Catalytic converters in cars have long since become standard equipment for exhaust gas purification. But the NECAR 5 (New Electric Car), DaimlerChrysler
AG's fuel cell car that is being presented today, uses an innovative catalyst made by BASF that has a completely different function: it is a key component in the
so-called methanol reformer. This is where hydrogen is released from the methanol and is fed to a fuel cell. BASF has developed this high-performance catalyst
in an exclusive cooperation with XCELLSIS, a joint venture of DaimlerChrysler, Ballard Power Systems, Inc. of Vancouver (Canada), and the Ford Motor
Company of Dearborn, Michigan (United States). Three years ago, BASF had developed the catalyst for methanol reforming for the NECAR 3, the prototype of
DaimlerChrysler's methanol-powered fuel cell vehicle. In the intervening time, BASF researchers have improved the catalyst and made it considerably more
active, compact and stable.
"Methanol paves the way to the environmentally friendly technology of the future, namely, fuel
cell drives for vehicles," explains Dr. Markus Hölzle, who is in charge of further developig
BASF's catalyst. "In the medium term, I do not see any other solution for the market at large.
After all, alternative concepts where pure hydrogen is used instead of methanol pose a number
of unresolved problems." For instance, complicated pressure tanks or cryogenic tanks are
needed to store the hydrogen gas in the vehicle.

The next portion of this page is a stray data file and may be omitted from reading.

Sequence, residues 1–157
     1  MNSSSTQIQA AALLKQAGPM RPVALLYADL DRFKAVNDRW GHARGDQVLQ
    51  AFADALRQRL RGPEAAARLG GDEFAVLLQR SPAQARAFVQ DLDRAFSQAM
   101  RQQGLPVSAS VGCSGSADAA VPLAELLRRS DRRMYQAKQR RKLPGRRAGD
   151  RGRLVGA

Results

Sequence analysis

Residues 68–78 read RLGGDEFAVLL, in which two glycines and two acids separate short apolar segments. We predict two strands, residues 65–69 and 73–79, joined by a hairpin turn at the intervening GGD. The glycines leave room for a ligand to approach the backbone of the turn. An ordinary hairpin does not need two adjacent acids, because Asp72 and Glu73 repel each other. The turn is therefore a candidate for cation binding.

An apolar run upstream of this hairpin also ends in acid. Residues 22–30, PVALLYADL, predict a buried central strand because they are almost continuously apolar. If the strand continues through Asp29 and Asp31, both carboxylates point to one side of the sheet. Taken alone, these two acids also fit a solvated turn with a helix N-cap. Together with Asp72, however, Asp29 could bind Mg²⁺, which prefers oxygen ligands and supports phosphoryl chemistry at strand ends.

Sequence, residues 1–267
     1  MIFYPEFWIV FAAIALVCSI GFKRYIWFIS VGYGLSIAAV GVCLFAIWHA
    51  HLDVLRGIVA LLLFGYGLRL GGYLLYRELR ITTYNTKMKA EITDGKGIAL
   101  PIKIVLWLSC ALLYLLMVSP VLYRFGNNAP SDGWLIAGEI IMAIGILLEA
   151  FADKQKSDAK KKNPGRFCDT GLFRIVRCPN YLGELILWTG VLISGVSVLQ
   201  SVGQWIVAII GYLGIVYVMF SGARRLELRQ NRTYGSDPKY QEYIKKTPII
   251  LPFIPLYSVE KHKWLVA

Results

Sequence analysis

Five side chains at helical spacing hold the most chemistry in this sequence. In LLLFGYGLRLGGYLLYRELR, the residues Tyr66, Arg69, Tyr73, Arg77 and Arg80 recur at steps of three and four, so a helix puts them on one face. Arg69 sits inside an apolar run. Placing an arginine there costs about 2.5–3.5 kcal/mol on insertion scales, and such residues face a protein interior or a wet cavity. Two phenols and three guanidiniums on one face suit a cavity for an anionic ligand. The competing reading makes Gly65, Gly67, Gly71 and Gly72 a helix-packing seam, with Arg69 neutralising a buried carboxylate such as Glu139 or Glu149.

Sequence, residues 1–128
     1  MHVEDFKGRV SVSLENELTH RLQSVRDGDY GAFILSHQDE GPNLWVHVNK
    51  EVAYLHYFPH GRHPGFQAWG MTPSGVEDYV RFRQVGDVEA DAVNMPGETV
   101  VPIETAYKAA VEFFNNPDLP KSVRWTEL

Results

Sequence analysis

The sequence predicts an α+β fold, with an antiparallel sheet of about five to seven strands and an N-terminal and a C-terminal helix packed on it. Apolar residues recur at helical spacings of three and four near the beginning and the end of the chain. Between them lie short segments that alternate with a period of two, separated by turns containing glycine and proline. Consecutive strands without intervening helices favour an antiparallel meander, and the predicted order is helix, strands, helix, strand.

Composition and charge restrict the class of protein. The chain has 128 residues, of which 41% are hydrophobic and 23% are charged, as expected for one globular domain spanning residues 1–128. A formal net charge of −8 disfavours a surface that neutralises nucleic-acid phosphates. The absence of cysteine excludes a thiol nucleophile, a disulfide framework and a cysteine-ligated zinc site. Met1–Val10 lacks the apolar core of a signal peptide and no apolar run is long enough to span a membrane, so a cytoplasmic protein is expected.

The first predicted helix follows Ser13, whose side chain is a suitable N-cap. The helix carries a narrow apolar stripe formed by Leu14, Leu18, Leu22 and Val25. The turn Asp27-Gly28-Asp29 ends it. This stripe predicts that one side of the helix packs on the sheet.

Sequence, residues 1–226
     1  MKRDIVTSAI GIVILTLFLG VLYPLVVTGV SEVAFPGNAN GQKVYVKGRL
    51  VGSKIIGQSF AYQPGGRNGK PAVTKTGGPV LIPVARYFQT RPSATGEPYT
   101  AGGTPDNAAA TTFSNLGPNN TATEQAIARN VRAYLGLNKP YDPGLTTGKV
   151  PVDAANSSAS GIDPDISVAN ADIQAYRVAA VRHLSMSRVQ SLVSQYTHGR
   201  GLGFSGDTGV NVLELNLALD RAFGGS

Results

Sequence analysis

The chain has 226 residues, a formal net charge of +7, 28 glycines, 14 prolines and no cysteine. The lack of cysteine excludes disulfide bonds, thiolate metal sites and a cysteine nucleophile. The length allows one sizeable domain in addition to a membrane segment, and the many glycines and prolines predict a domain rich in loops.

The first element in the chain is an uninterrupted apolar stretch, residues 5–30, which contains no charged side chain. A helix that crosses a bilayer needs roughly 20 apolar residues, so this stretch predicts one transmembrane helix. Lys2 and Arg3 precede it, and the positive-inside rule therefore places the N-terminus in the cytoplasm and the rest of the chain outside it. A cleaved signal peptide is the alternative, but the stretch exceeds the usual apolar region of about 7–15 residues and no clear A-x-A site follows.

Filling comfortable and simple, much less carbon dioxide in the exhaust gas
This is different with methanol: the fuel used by the NECAR 5 can be filled into the tank just as
easily as gasoline or diesel. From a chemical standpoint, methanol is the simplest alcohol and
nowadays is obtained almost exclusively from natural gas. It is also conceivable to extract this
substance from waste or from renewable raw materials. The hydrogen needed by the fuel cell is
generated from methanol right in the NECAR 5. To this end, the alcohol is evaporated
together with water and fed into the reformer. Here, the mixture is contacted with the BASF
catalyst consisting of copper oxide and other metal oxides. At an operating temperature
ranging from 200°C to 350°C, methanol and water are converted into hydrogen and carbon
dioxide. The gas mixture is then employed in the fuel cell to generate electric power. All in all,
this process generates considerably less carbon dioxide than internal combustion engines.
A new development for the NECAR 5 is the ATR reactor (this abbreviation stands for autothermal reforming). This "starter" - likewise containing BASF's
catalyst - allows the car to start cold. Here, the methanol, together with water and air, is partly reformed into hydrogen and partly combusted. This quickly
brings the drive system up to the right operating temperature, as with diesel vehicles in the past.
BASF is making preparations for commercial-scale production of the catalyst
The development of high-performance catalysts as reaction accelerators for industrial processes is one of BASF's core areas of expertise. However, whereas
catalysts are normally designed to yield optimal results within narrow pressure and temperature ranges, the challenge in the case of methanol reforming is to
achieve flexibility. For the fuel cell vehicle to manage without back-up storage elements such as batteries or hydrogen tanks, the reformer must r